Sunday, February 28, 2016

Voting with Responsibility

Emotion before reason and action before fact.  Ready, fire and no need to aim.  Too many people truly do not understand what is required to be a responsible citizen and have relegated the critical action of voting to an emotionally dysfunctional task.  I am reminded of a man who once told me that he voted for Bill Clinton because he identified with Clinton saying “He’s my age, chases women, and smoked marijuana.  I can see myself having a beer with him”.

In that vein, let’s begin elevating how we elect a President in this election cycle.  Here is a plan of action for your consideration:

1.  First and foremost, what does the job of president entail?

In essence the Constitution in Article II provides the President the powers to “be Commander in Chief of the Army and Navy  . . . and of the Militia of the several States, . . . have Power to grant Reprieves and Pardons . . . and with the Advice and Consent of the Senate, to make Treaties, provided two thirds of the Senators present concur; and he shall nominate, and by and with the Advice and Consent of the Senate, shall appoint Ambassadors, other public Ministers and Consuls, Judges of the supreme Court, and all other officers of the United States, and . . . shall have Power to fill up all Vacancies that may happen during the Recess of the Senate, . . . He shall from time to time give to the Congress Information of the State of the Union, and recommend to their Consideration such Measures as he shall judge necessary and expedient; he may, on extraordinary Occasions, convene both Houses, or either of them, and in Case of Disagreement between them, with Respect to the Time of Adjournment, he may adjourn them to such Time as he shall think proper; he shall receive Ambassadors and other public Ministers; he shall take Care that the Laws be faithfully executed, and shall Commission all the Officers of the United States.”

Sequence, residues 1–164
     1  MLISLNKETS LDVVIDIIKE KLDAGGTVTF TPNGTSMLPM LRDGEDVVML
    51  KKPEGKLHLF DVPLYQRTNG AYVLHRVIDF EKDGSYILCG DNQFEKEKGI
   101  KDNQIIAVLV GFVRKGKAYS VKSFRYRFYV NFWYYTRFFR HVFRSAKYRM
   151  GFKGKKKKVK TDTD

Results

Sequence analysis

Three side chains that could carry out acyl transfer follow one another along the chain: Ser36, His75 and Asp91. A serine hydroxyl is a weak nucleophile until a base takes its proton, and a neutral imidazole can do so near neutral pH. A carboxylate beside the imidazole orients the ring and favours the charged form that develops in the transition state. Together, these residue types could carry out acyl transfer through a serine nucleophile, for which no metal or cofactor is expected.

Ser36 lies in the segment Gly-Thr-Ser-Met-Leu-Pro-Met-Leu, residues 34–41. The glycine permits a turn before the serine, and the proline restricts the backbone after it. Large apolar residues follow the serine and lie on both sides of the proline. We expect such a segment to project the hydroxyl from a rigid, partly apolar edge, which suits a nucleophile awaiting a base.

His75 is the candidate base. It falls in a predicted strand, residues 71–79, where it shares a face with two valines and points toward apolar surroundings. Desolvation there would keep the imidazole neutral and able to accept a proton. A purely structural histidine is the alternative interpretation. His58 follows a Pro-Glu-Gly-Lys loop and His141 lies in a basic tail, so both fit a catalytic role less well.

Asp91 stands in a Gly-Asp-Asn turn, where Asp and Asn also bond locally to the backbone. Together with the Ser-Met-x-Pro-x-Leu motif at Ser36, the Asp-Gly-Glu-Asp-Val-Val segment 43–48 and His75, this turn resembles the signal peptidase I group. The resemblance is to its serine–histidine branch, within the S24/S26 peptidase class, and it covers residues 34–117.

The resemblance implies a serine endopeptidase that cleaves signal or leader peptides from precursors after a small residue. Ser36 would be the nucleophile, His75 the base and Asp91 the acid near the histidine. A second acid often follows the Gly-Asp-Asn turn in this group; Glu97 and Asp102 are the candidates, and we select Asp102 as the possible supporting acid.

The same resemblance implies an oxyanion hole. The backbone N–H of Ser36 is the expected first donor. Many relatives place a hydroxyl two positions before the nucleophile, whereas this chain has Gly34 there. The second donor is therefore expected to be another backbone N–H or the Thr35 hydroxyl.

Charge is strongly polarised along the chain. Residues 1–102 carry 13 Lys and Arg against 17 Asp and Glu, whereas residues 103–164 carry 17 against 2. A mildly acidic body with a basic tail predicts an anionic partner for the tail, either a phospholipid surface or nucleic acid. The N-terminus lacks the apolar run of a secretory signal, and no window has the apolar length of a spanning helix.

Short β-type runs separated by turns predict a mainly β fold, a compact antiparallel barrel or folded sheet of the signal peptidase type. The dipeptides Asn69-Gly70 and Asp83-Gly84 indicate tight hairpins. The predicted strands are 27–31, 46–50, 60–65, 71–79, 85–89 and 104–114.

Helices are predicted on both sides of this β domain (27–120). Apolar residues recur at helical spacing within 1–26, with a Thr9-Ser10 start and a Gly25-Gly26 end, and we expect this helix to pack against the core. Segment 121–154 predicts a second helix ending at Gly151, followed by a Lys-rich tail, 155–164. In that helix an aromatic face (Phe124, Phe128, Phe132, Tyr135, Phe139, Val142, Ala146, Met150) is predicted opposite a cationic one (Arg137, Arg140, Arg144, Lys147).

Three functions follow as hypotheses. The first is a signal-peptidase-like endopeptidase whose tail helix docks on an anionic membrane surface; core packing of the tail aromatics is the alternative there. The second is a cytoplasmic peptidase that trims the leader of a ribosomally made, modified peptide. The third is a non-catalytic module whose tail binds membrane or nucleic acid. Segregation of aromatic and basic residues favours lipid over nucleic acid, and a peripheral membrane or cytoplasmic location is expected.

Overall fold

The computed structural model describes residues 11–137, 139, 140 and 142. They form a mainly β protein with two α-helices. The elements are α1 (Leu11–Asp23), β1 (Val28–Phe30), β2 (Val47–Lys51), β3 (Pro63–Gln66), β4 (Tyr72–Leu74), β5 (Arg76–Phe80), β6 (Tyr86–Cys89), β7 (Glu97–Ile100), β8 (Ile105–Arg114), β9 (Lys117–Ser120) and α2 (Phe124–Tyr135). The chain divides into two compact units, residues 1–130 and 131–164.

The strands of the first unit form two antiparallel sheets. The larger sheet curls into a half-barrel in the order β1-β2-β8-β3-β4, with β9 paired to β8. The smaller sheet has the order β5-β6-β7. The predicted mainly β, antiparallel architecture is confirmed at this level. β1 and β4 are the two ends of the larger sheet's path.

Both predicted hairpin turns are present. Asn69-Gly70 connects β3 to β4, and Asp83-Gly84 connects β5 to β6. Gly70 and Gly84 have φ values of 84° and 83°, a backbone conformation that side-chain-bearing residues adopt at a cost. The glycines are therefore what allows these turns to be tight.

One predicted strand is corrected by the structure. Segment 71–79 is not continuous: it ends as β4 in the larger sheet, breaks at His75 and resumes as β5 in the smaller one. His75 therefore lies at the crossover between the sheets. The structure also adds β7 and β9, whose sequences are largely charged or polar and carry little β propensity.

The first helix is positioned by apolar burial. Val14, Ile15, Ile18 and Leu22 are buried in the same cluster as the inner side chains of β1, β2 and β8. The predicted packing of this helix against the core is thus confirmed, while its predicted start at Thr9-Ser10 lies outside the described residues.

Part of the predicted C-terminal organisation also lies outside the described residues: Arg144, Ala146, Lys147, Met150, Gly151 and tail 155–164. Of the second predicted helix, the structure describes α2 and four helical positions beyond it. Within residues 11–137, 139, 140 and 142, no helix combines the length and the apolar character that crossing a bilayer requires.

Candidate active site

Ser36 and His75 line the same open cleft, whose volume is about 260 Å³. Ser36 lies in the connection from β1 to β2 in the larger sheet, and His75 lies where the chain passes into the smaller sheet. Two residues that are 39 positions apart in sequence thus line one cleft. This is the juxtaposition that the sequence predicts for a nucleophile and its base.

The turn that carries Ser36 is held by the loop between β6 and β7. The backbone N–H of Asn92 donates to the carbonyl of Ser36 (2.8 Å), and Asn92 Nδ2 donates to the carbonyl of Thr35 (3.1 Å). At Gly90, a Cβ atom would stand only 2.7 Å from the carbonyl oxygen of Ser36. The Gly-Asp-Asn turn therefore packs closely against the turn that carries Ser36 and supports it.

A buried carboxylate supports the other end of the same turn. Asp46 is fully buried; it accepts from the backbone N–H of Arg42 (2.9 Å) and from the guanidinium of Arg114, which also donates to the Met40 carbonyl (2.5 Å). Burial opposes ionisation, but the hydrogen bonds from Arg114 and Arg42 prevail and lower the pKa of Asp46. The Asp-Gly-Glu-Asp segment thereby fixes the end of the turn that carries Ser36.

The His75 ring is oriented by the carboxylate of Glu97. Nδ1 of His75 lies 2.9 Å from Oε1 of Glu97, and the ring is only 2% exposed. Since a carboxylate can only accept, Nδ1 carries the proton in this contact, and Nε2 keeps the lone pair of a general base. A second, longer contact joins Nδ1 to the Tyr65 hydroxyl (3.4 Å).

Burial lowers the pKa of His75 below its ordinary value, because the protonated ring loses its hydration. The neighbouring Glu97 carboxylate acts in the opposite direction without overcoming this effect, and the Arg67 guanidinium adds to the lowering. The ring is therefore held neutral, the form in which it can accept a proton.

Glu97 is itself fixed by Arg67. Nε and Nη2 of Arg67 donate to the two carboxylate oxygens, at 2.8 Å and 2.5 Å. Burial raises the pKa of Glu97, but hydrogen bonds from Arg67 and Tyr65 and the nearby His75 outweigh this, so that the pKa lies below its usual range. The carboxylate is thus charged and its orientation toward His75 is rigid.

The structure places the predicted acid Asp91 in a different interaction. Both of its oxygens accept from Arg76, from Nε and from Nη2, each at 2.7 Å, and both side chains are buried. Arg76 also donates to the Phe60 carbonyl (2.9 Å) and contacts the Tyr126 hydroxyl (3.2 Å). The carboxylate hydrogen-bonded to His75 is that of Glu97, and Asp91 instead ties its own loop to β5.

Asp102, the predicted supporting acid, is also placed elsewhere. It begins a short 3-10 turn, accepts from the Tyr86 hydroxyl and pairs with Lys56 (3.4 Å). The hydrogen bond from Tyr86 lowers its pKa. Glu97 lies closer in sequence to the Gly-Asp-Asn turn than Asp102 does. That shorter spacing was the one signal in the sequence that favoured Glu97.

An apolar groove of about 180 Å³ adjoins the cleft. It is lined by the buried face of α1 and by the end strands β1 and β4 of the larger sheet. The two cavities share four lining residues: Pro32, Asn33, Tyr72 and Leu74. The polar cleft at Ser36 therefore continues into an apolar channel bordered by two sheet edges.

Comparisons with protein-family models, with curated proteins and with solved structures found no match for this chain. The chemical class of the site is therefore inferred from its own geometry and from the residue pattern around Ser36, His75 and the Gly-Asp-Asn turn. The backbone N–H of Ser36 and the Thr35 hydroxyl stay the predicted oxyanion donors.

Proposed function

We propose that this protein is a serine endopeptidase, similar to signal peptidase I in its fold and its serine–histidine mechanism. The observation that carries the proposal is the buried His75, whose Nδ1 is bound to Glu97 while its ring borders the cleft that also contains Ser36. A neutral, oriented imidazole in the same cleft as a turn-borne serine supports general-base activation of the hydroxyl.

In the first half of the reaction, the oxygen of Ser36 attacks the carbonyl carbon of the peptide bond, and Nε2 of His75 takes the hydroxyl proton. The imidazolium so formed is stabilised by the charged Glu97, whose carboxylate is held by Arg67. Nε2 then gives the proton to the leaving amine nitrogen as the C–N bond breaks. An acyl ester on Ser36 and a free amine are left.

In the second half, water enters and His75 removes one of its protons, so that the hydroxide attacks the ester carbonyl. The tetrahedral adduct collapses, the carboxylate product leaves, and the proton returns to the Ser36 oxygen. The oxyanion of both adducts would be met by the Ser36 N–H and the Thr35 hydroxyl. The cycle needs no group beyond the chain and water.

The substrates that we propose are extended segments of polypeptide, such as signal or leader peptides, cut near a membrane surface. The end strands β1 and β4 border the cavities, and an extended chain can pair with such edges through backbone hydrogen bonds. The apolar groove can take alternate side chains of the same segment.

Only Congress is granted the power to make laws, whereas the President must faithfully execute the laws.  The President does have the power to veto legislation to prevent it from becoming a law, but such veto can be overridden by Congress.  So when presidential candidates say they will give free college education or rebuild the military they are merely saying what their policy preference is.  As president they have no granted power to do any such thing unless it is passed by both houses of Congress and withstands any court challenge.

2.  Make a list as to why do you support a specific candidate?

Choosing a candidate should be a somber and reasoned decision.  Make a list of what policies you like and dislike.  A candidate’s policies are critical and should be compared and limited to Article 1 Section VIII of the Constitution.  These 18 paragraphs define the limited powers of the national government and all else is left to the States and people.

You may like Donald Trump but what are his policies beside his tag line to make America great again?  Yes, many are angry at government and media, but anger should be channeled into reasoned research not emotional reaction.

You may like Hillary Clinton for her many years in politics but she has a proven record of deceit and in all her time in Congress and as Secretary of State, what has she accomplished?  Which brings us to the critical point, that for all the talk of a candidate, do they have a reasonable avenue to achieve what they propose?

For example, Chris Mathews grilled Bernie Sanders on how he was going to get 60 votes in the Senate for any of his policies.  Sanders only response was that Mathews did not understand that Sanders was starting a revolution and young people would come into the streets to demand change.  This, by itself, indicates Sanders has no support for his policies and he has a daunting task to get his legislation by a revolution.